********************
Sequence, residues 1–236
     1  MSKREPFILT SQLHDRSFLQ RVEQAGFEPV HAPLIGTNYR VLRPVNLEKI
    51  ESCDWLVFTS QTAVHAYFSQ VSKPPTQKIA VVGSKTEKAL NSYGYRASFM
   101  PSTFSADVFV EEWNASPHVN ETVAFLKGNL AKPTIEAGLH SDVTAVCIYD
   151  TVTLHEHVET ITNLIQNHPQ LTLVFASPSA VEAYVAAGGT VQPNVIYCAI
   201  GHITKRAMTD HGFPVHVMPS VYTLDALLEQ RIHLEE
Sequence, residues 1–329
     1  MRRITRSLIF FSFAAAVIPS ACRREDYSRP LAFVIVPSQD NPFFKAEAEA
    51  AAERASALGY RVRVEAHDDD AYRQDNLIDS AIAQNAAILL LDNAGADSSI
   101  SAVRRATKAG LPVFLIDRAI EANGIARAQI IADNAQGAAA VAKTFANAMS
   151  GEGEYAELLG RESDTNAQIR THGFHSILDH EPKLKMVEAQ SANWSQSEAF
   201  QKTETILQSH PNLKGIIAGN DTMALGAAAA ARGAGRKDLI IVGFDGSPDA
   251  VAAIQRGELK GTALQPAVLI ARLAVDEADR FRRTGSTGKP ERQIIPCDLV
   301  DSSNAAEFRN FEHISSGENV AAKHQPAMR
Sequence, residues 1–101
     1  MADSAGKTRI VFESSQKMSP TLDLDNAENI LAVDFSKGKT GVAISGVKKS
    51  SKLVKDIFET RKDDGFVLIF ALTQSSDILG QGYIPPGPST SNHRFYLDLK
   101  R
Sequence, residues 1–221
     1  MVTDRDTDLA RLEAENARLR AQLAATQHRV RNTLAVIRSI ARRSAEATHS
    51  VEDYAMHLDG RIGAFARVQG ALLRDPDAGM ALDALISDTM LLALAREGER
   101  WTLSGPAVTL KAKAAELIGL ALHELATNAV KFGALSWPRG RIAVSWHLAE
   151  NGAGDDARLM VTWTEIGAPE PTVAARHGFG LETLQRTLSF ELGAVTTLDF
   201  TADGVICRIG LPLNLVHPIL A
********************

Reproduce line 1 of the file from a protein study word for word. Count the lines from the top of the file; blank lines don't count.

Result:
Sequence, residues 1–236